As a celebrated war correspondent, Mariana Sanchez has travelled the world covering critical world events such as the war in Kosovo, the conflict in East Timor, the conflict in Macedonia, the war between Ethiopia and Eritrea, and the ‘war on terrorism’ from both Pakistan and Afghanistan. Before joining Al Jazeera International, Mariana Sanchez built a distinguished career with international news organisations including Panamericana Television, ATV, The Los Angeles Times, The Wall Street Journal Americas, CNN Espanol, UNIVISION and Agence France Presse, as well as reporting for Radio Monitor on the 2004 Afghanistan elections, and for Radio France International and Radio Mexico, among others, over the course of her journalism career. In 1992, she received an Emmy award for her special series on children and guns in the streets of New York.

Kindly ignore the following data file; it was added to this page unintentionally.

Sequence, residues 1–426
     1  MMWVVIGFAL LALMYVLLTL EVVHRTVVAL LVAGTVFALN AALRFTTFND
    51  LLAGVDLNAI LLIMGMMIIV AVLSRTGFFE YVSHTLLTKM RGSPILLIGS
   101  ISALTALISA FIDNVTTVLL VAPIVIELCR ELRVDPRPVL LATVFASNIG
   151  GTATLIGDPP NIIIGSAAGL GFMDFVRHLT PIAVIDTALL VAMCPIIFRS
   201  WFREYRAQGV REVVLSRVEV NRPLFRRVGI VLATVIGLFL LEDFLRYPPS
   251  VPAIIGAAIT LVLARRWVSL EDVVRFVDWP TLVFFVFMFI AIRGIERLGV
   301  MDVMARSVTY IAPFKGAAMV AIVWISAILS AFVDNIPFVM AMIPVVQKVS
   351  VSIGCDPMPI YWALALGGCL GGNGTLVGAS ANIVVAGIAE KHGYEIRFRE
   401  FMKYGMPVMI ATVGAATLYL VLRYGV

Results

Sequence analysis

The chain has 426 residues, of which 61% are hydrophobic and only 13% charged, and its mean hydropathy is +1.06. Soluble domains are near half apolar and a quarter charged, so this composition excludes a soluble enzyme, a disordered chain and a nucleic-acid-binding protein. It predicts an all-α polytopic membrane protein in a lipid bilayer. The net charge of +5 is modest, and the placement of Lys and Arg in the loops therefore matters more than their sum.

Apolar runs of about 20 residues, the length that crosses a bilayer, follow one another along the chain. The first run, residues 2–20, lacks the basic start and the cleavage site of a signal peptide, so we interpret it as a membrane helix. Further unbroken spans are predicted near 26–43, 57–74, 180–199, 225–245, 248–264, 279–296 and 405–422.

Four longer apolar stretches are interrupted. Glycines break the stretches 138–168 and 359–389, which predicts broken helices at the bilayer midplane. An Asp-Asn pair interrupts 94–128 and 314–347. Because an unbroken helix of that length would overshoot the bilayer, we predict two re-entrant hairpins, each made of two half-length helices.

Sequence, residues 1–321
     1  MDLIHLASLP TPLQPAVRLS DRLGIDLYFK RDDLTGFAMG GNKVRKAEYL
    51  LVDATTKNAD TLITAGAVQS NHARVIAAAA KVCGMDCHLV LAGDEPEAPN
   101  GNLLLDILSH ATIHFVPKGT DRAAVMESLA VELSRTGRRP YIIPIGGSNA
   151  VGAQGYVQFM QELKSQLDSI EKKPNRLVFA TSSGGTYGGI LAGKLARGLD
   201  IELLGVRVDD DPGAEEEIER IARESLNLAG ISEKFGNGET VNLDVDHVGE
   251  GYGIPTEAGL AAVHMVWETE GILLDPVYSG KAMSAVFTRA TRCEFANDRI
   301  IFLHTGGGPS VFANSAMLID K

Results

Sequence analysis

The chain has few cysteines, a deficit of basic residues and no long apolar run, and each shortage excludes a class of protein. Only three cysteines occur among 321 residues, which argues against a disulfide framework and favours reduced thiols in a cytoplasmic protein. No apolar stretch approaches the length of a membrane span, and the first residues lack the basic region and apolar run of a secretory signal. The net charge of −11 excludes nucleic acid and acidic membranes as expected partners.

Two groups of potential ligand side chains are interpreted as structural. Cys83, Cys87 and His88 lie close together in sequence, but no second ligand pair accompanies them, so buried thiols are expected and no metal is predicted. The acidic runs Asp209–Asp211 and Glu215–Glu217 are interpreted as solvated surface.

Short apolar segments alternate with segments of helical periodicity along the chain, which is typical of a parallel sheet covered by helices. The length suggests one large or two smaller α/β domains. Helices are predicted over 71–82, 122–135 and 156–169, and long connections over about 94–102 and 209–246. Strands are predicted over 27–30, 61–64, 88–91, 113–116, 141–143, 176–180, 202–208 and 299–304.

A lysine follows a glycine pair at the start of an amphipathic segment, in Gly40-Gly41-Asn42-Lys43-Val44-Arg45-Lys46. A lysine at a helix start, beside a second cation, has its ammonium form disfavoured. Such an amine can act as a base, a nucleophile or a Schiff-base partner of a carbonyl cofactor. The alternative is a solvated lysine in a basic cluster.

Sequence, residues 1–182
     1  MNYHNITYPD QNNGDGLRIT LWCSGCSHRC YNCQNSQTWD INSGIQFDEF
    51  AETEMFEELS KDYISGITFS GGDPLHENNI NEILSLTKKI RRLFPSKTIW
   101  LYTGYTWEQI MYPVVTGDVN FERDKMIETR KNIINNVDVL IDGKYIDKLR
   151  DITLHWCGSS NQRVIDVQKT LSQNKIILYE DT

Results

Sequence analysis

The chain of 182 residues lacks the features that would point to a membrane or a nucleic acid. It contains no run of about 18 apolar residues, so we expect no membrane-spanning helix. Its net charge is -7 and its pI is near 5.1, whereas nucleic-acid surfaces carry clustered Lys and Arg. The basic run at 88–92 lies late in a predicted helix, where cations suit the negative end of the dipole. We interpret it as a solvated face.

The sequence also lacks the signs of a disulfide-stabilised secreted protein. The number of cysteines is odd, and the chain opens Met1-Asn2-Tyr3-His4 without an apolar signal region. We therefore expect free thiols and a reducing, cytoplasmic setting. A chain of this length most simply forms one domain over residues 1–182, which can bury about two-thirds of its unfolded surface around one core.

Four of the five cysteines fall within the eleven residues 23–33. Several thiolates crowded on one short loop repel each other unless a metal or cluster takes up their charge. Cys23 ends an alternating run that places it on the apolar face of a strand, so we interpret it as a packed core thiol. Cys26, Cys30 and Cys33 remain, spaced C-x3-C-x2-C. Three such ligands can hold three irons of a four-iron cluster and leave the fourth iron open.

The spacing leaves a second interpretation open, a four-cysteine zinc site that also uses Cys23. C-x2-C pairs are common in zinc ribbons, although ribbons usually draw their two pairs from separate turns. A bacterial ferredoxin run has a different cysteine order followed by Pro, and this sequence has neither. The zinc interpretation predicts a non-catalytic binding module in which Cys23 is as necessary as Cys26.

UN Correspondent, New York
Al Jazeera International’s Mark Seddon has a wide and varied range of experience from his work as an editor, journalist, broadcaster, political adviser and commentator. In his most recent role as editor of the internationally-renowned weekly magazine Tribune, Mark was responsible for editing, commissioning and leader writing. He has also worked as a commentator and diarist on the London Evening Standard and as a contributor to the Evening Standard, The Times, The Independent, The Guardian, Daily Mail, The Daily Telegraph, New Statesman and Private Eye. Between 1997 and 2000 Mark was elected to the UK Labour Party’s ruling National Executive Committee, and was re-elected in 2001.